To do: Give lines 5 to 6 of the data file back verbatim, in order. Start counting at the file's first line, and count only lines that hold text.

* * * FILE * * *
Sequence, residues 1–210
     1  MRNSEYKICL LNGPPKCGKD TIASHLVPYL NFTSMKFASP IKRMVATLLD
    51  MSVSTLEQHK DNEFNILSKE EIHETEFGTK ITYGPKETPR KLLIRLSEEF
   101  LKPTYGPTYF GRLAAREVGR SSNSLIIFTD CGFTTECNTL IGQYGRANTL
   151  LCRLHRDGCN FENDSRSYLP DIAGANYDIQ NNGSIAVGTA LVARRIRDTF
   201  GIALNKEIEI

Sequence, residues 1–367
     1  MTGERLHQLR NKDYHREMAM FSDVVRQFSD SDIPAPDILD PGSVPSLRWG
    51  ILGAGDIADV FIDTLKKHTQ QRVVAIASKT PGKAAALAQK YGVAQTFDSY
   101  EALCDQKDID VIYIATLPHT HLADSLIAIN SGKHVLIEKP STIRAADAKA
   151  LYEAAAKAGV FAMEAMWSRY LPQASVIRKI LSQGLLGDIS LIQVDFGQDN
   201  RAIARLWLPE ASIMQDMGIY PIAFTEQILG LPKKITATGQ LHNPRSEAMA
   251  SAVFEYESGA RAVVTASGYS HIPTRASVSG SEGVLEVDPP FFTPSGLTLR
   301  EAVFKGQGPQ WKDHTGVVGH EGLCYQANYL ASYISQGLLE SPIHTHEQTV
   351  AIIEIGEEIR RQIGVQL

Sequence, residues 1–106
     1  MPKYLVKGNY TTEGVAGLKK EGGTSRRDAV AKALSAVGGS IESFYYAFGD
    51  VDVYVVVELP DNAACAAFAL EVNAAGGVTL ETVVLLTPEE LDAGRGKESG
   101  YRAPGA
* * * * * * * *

   151  LCRLHRDGCN FENDSRSYLP DIAGANYDIQ NNGSIAVGTA LVARRIRDTF
   201  GIALNKEIEI